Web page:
This morning I posted these verses as my Facebook status:
I needed to read and type and re-read these verses this morning because all I wanted to do was complain. I wanted to complain about all of the GARBAGE I see on Facebook. People whining about still living at home. People whining about wanting to be at home. People whining about laundry and cars and iPhones and having to go to work. I wanted to complain about HOW STINKING HOT it is and how the power went out at 2:30am and so I had to move from my bed to the couch so I didn’t drown in my own sweat because I can’t enjoy the breeze of my open window because it looks into the neighbor’s kitchen and so having my curtain open is weird. And when I say “looks into the neighbor’s kitchen” I literally mean that I can reach my arm out my window and touch the neighbor’s window. I can hear my neighbor cough.
I wanted to complain because I wanted people to think, “Oh, my problems aren’t really that bad. I don’t have to worry about drowning in my own sweat when the power goes off in the middle of the night because my power doesn’t go off in the middle of the night and even if it did IT’S FALL and so I get to rest easy after a day of going to the cider mill and wearing sweaters.” I wanted to complain because I wanted people to think, “What a martyr for Jesus. That girl’s got real problems. And just think, she choose them because she’s a missionary and gosh, what a gal. I should give her money.” I wanted to complain because I wanted people to think that MY problems are actual complain-worthy problems, while THEIR problems are just annoying and dumb.
So I typed up these verses feeling very high and mighty, feeling very Luke 18, if you will.
He also told this parable to some who trusted in themselves that they were righteous, and treated others with contempt: “Two men went up into the temple to pray, one a Pharisee and the other a tax collector. The Pharisee, standing by himself, prayed thus: ‘God, I thank you that I am not like other men, extortioners, unjust, adulterers, or even like this tax collector. I fast twice a week; I give tithes of all that I get.’ – Luke 18:9-12
How martyr-missionary of me, right?
I QUICKLY realized (with some help from the Holy Spirit, I’m sure) that complaining about complainers still counts as complaining. These verses from Philippians are as much for me as they are for you. Imagine that. Let’s read ’em again.
Do EVERYTHING without complaining or arguing so that you may become blameless and pure, children of God without fault in a crooked and depraved generation, in which you shine like stars in the universe… – Philippians 2:14-15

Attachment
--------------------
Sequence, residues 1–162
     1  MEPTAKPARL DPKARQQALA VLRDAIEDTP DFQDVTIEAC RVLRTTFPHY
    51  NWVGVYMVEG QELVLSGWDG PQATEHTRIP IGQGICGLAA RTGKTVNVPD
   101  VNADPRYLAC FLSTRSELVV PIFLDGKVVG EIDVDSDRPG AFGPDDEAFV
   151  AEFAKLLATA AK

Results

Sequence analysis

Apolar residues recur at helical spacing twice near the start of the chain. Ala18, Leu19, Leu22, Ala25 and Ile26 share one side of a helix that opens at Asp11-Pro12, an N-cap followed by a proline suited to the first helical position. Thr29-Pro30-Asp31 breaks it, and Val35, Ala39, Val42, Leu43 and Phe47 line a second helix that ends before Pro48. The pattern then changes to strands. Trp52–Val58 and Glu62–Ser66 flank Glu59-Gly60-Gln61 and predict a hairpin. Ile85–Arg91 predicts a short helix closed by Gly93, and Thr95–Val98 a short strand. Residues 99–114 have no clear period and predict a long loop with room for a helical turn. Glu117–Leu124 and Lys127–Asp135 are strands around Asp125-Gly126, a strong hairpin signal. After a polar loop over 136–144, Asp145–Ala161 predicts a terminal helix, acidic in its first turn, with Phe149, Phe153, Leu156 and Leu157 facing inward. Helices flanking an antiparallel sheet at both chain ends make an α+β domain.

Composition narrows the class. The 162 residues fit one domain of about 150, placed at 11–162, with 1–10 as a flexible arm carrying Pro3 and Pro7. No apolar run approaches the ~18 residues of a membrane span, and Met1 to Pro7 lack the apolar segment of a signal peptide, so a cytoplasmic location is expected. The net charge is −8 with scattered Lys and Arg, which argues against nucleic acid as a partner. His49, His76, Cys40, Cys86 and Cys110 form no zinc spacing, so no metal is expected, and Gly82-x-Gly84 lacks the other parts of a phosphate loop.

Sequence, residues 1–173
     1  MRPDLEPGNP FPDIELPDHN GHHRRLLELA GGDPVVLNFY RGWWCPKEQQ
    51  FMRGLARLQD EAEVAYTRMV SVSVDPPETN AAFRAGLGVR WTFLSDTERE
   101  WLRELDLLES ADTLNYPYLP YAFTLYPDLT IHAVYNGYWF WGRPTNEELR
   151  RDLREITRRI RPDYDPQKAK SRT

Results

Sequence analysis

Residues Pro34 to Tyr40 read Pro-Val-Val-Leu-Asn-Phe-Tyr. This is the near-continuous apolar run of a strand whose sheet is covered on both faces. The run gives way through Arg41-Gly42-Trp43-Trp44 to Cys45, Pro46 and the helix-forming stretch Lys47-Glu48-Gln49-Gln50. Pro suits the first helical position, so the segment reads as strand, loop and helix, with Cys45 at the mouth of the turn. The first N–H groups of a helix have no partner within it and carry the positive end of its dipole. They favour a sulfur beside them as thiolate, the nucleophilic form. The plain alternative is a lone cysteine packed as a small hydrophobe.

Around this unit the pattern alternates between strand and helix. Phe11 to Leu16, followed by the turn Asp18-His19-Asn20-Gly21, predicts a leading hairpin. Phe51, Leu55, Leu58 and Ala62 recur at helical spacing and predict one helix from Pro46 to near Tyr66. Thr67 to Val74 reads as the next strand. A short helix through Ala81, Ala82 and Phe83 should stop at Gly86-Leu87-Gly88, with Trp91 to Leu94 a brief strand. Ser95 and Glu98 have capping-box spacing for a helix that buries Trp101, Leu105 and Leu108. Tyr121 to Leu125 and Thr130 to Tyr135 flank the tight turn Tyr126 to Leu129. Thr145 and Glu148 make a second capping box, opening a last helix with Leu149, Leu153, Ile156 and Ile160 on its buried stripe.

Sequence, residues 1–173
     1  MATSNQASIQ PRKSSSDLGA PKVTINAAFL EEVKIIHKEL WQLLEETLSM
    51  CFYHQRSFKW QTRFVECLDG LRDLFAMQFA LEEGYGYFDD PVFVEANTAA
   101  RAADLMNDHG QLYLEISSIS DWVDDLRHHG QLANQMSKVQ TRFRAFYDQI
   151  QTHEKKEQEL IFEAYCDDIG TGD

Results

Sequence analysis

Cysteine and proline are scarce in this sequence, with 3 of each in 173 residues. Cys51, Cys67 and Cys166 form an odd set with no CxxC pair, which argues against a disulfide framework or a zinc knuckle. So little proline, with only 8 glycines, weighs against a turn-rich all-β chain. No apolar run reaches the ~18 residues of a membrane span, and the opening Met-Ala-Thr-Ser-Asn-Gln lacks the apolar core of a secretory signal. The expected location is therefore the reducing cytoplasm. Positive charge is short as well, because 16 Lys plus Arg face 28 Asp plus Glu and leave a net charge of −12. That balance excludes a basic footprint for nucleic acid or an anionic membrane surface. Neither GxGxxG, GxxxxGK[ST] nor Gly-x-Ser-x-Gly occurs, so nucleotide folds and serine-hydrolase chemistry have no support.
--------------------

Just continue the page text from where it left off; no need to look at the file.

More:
My favorite part is that Paul doesn’t stop with “Do everything without complaining or arguing.” He doesn’t even say, “Do everything without complaining or arguing SO THAT YOU STOP DRIVING ME NUTS WITH YOUR WHINING!” which is what I had typed as my Facebook status today, but erased because complaining about complaining is a funny sort of sinful irony.
He didn’t say, “Do everything without complaining or arguing because there are children in Africa dying from their drinking water,” even though that’s true (I mean, it’s true now. I don’t know the state of Africa’s water during Pauline times).
He didn’t say, “Do everything without complaining or arguing because some people, like whole countries full of people, live without dryers for their clothes and so when you complain about having to move your clothes from the washer to the dryer, those kinds of people look at their clothes hanging all over their room and think, ‘I would love to have a dryer to complain about.‘”
He didn’t say, “Do everything without complaining or arguing because there are many living out there who would give anything just for one more conversation with their parent/friend/sibling and you are using what could be your last conversation to prove a point.”
He didn’t even say, “Do everything without complaining or arguing because I died on a stinking cross for you, was essentially beat to death, and experience separation from the Father God with whom I had spent eternity’s past in the closest communion with. And I did it all without complaining once.”
What Paul did say blows my mind. Because it’s another stinking, grace-filled, holy reminder that even when we are at our whiniest God has our best in mind. He said, “Do everything without complaining or arguing so that YOU may become blameless and pure, children of God without fault in a crooked and depraved generation, in which you shine like stars in the universe.” That’s not even the end of the sentence. There’s more grace-filled holiness in there and I highly recommend you read all of Philippians right now.
Paul is commanding that we stop complaining and arguing about every stupid little thing so that we can be better. God’s only desire has always been for us to be His children. It’s all over the Old Testament – just check out Leviticus. He wants us to be His children, blameless and pure. He wants us to be without fault in the midst of this crooked and depraved generation. If you want to be blameless and pure and without fault, a good place to start is to cut out that complaining and arguing. Start being grateful instead. Realize for all of the things you complain about, there are hundreds of things to be thankful for. Realize that the Holy God wants to hang out with you, wants you as His child, His faultless child who doesn’t whine so much. Because when we stop complaining and start praising and thanking instead, we certainly will shine like stars. Like stars of gratitude and positivity and love and pretty things.
If you can’t take my word (or Paul/God’s word) for it, here’s what Roald Dahl has to say:
Let’s THANK instead of WHINE. What you are thankful for?